Inside Story Americas
What is fuelling anti-American protests?
We examine if US foreign policy or a power struggle in post-revolution Arab countries is behind the violent reaction.
Last Modified: 15 Sep 2012 07:34

The US government had been bracing for scenes like the ones seen since the attacks on its diplomatic missions in Egypt and Libya on Tuesday evening.

On Friday, the protests spread after mid-day prayers in the Middle East, North Africa and across the Muslim world.

US embassies and other symbols of American influence have become focal points for violent demonstrations, leaving hundreds injured.

"There are frustrations, many [negative] perceptions about the US and the movie is nurturing this. It's very important for [Muslim] politicians, intellectuals, scholars to come out and say 'this [protests] is anti-Islamic, this is not the way to deal with this', and to come with the deep education about how to react to such provocations."

- Tariq Ramadan, a professor of Islamic studies

The Pentagon sent US marines to the Yemeni capital, Sanaa, as protests there continued.

Barack Obama, the US president, was at Andrews Air Force Base outside Washington DC as the bodies of Chris Stevens, who served as US ambassador to Libya, and three co-workers arrived after Tuesday's deadly consulate attack in Benghazi.

Obama said: "We will do everything in our power to protect Americans serving overseas…making it clear that justice will come for those who harm Americans…in our grief we will be resolute."

As for the 14-minute film trailer that apparently triggered the protests, little is known for sure. It is not even clear if a full-length film exists at all.

Jay Carney, a White House spokesperson, said: "This is a fairly volatile situation and it is in response not to United States policy, not to obviously the administration, not to the American people. It is in response to a video, a film that we have judged to be reprehensible and disgusting."

Earlier Al Jazeera asked Rashad Hussain, the US president's special envoy to the Organisation of Islamic Cooperation, if he thought the film was being used to stir up long-standing grievances against US foreign policy.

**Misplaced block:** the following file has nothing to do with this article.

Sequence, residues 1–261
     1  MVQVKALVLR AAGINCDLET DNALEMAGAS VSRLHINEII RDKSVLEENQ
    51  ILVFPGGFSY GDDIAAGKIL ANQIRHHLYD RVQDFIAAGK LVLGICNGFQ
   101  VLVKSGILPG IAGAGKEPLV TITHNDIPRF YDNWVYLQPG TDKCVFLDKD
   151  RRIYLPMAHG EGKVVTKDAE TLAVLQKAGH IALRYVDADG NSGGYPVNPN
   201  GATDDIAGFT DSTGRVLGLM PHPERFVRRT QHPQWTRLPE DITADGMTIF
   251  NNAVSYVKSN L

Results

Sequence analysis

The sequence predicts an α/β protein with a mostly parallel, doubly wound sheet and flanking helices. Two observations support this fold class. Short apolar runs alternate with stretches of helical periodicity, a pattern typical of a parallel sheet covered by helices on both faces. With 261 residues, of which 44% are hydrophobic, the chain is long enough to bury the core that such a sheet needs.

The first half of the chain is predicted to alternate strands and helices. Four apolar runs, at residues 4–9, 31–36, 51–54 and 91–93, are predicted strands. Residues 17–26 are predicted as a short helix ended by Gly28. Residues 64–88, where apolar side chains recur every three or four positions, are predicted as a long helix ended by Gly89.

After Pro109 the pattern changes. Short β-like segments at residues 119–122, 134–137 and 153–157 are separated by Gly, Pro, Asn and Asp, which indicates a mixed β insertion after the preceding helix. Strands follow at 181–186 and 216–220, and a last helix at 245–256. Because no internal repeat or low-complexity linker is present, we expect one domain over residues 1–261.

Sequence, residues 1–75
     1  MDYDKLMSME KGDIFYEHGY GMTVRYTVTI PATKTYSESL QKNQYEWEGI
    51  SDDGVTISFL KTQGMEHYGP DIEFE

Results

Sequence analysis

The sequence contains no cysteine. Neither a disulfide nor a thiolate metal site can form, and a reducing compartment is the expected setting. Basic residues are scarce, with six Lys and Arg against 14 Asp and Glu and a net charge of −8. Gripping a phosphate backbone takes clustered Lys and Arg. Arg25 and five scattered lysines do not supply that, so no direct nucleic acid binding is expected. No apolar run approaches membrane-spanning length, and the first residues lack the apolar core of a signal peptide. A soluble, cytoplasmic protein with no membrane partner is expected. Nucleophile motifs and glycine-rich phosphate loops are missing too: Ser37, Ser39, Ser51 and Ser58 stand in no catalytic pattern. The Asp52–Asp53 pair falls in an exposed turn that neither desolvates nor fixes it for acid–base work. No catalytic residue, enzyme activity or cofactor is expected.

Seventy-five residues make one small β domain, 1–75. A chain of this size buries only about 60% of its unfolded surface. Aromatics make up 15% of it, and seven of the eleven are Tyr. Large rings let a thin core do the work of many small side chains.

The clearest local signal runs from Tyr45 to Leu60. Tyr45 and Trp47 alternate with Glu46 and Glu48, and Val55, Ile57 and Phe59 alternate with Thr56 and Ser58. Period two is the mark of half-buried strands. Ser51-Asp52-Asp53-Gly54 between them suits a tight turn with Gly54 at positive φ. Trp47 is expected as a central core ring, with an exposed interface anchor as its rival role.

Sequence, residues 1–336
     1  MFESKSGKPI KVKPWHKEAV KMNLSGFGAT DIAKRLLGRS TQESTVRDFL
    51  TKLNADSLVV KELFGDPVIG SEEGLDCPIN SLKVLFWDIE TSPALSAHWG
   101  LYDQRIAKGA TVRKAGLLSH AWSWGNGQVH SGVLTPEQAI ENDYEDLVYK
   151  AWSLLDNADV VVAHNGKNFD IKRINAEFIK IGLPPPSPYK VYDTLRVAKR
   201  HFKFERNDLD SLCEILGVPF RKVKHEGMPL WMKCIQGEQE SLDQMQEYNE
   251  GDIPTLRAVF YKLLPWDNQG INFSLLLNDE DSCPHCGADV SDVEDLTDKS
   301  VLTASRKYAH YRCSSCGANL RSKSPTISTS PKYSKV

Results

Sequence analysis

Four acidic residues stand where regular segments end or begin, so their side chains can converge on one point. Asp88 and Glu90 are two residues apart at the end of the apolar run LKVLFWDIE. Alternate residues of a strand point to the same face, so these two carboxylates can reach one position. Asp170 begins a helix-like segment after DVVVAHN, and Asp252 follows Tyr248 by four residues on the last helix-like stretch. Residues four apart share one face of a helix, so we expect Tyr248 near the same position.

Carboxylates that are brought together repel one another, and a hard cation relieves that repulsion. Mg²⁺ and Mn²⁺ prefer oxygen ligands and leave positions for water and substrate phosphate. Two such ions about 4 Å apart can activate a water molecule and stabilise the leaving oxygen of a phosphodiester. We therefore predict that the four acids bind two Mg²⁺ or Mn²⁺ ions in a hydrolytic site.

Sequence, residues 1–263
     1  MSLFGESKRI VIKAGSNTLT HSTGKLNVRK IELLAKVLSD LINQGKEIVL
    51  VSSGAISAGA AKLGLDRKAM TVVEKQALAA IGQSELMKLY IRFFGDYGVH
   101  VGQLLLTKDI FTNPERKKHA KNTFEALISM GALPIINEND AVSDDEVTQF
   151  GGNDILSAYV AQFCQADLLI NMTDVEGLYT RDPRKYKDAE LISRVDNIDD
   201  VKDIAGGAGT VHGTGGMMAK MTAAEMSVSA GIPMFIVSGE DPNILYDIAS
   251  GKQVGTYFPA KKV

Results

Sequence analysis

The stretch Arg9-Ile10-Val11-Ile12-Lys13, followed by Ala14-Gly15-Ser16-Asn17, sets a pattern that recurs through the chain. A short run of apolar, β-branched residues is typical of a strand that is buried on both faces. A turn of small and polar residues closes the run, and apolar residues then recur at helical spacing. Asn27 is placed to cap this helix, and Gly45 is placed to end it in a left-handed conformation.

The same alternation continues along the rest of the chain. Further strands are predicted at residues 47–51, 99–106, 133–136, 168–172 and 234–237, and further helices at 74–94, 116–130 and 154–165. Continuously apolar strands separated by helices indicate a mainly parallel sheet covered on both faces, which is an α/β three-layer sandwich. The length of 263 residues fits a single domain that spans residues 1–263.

"We can't go through this every single time somebody does something offensive. We had the episode of Terry Jones, there [have] been other episodes and certainly it's not been limited to speech about Islam, it's about other religions as well, and it's important that we react to this hateful and offensive speech with better speech through efforts that address the underlying causes of intolerance…

"This is not about Salafis or unreformed security services…the bigger issue is public opinion in the Muslim world is not that radically different today than five years ago but what matters today is in countries touched by the Arab Spring and other Muslim countries is public opinion matters more."

- Flynt Leverett, a former senior US government official

"As a American Muslim I know the place of the prophet in Islam and the anger and sadness it causes people when there is an offensive video or depiction produced, now that doesn't in any way excuse violence. It's important that people understand that it's a sign of strength, not weakness, to refrain from violence," Hussain said.

The US has condemned the anti-Islam film along with the filmmakers. It has also tightened security at its diplomatic facilities around the world.

Demonstrations over the 14-minute trailer on Youtube of an anti-Islam film called Innocence of Muslims spread across the Muslim world with huge protests in Tunisia, Egypt, Libya, Sudan, Afghanistan, Yemen, Syria, Morocco, Bangladesh and Australia.

In this episode Inside Story Americas asks: What is really behind these protests?

Joining the discussion with presenter Shihab Rattansi are guests: Flynt Leverett, a former senior US government official; Michelle Dunn, a former US state department official; and Tariq Ramadan, a professor of contemporary Islamic studies at Oxford University, and the author of Islam and the Arab Awakening.

"In all of this the element of opposition to US policies is probably the least. This is very much parallel to the Danish cartoon [controversy] a few years ago…was that fuelled by an underlying hatred of Danish foreign policy in the Middle East? It was the specific perceived offense to Islam, and [in this case] along with the Salafi element, which is very important, especially in Egypt."

Michelle Dunn, a former US state department official


  • Questions have been raised over the identities and motives of the film's makers
  • The poorly-made, low-budget film was only shown in a theatre once
  • The actors in the film say they were duped about the nature of the film. They say the anti-Islam rhetoric was dubbed in during post-production. They thought the movie was about life in the Middle East 2,000 years ago
  • For most Muslims, any depiction of Prophet Muhammad is blasphemous
  • The filmmakers are reportedly associated with Christian extremists in California
  • Initial reports say the filmmaker was Sam Bacile but this was proved untrue
  • According to US officials an Egyptian Copt named Nakoula Basseley Nakoula made the film. Nakoula was convicted of bank fraud in California in 2009. US officials suspect Nakoula used 'Sam Bacile' as a pseudonym
  • The filmmaker claimed the video was made with money from Jewish donors. He also claimed to be an Israeli Jew but Israel had no record of him
  • The 'consultant' for the film, Steve Klein, is an anti-Muslim activist in California. Civil rights groups say Klein trained militant Christian groups
  • Terry Jones, the Quran-burning US pastor, was involved in promoting the film


Al Jazeera
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